Healing Time for Musculoskeletal Injuries
Tissue healing times vary from person to person and from injury to injury. However, the biological process of tissue healing remains the same. The body does an amazing job of healing throughout several phases of tissue repair. Have you ever heard someone blame their low back pain on a herniated disc from 10 years ago? Truth is, that disc has healed, remodeled, and likely returned to its previous function. Similarly, long lasting pain is often a result of untreated compensatory patterns and muscle weaknesses following initial injury.
What are the three phases of tissue healing?
- Inflammatory Phase (4-6 days)
- This phase prepares the wound for healing.
- During this phase, we see cardinal signs of inflammation (redness, heat, swelling, pain, and loss of function).
- Proliferation and Migration Phase (4-24 days)
- The body forms a new vascular network to repair damaged structures.
- This is called neovascularization or angiogenesis.
- Remodeling and Maturation Phase (21 days-2 years)
- Ideally, scar tissue becomes remodeled into mature, healthy tissue.
- As a result, the weaker type III collagen starts getting replaced by type I collagen, which is much stronger.
- Moreover, the completion of this phase can take months to years. Also, it may not coincide with pain or symptoms.
How long will it take for my injury to heal?
- Muscle strain (Grades 1-3)
- 2-8 weeks
- 2-4 months
- 9-12 months
- Ligament Sprain (Grades 1-3)
- 2-8 weeks
- 2-6 months
- 6-12 months
- Tendon Injury
- Acute: 2-6 weeks
- Subacute: 2-4 months
- Chronic: 3-9 months
- Bone fracture
- 6-12 weeks
- 3-12 months
Above all, these healing times are estimates based on averages. Your unique experience may vary greatly. Honestly, if you are ahead or behind these time frames it does not mean you are doing something wrong. In the end, everyone is different!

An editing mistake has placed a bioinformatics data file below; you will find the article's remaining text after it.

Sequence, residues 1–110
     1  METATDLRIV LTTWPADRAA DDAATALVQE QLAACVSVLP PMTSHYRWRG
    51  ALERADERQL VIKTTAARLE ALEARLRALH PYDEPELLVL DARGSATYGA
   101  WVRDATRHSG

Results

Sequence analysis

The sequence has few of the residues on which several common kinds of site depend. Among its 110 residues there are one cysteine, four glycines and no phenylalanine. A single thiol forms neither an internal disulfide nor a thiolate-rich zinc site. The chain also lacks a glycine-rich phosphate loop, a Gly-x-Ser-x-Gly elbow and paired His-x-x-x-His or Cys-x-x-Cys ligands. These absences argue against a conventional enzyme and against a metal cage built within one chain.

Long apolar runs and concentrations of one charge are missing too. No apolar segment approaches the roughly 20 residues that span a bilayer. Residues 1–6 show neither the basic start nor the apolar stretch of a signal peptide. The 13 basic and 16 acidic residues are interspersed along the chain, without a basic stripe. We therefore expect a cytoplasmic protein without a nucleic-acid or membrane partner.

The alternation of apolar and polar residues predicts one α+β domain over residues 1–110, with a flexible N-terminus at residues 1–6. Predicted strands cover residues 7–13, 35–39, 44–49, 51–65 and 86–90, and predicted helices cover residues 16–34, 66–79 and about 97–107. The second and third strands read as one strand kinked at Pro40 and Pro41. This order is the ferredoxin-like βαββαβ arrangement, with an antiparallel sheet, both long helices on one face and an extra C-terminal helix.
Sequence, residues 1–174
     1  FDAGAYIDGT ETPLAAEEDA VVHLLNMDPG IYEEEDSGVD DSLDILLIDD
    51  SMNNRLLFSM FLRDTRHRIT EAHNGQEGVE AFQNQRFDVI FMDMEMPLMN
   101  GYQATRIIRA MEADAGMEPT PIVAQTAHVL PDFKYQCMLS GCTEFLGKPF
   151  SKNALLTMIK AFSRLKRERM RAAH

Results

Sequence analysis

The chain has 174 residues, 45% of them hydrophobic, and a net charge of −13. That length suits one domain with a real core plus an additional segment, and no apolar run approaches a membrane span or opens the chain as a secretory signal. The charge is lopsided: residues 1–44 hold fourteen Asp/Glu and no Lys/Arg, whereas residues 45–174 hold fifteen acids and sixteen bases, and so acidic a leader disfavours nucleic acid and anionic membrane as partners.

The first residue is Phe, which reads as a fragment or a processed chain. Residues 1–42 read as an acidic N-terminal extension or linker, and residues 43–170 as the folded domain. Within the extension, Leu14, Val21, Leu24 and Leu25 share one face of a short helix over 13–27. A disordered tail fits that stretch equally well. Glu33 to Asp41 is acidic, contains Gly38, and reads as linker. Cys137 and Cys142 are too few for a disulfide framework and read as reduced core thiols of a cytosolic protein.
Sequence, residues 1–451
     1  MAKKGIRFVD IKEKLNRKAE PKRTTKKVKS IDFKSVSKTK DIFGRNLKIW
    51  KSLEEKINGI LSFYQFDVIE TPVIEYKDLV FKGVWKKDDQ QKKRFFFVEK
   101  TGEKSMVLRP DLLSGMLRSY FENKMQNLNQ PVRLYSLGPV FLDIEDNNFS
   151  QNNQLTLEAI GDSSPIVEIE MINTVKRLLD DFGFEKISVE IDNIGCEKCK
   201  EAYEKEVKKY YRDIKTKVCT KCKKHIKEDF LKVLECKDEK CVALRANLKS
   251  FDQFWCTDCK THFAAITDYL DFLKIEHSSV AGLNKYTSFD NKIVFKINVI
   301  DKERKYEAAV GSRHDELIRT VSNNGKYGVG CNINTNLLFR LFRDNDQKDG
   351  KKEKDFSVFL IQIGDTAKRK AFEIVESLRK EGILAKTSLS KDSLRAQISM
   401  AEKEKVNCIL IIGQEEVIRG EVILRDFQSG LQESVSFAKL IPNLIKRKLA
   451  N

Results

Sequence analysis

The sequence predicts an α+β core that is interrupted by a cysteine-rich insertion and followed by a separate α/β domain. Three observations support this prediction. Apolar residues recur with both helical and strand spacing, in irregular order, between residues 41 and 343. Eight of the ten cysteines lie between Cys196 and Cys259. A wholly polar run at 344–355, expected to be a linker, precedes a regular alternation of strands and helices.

Does physical therapy help with healing?
Yes! However, physical therapy will not speed up biological healing times. There are many interventions that may be implemented to reduce pain and decrease symptoms. Additionally, physical therapy improves function of surrounding tissues and reduces risk of re-injury. Meanwhile, it’s necessary to be well informed and educated about your injury. This includes: diagnosis, prognosis, and plan of care.
Fortunately, this will also help with coping and the healing process. Researchers are currently placing heavy emphasis on studying the psychology of pain and its effect on healing. Thankfully, one thing everyone can agree on is maintaining a positive outlook on pain and injury will have long term benefits. Education, guidance, and appropriate progressions implemented by your physical therapist will allow you to maintain a positive outlook and facilitate proper healing.
Lastly, it doesn’t matter if you have a recent injury or an old nagging injury, we can help! Contact Symmetry Physical Therapy for a complimentary phone consultation with a Doctor of Physical Therapy. Also, check out our Instagram page here to meet the team and find some educational exercises that can help get you started!
Written By: Dr. Nicole Willis, PT, DPT, SFMA-C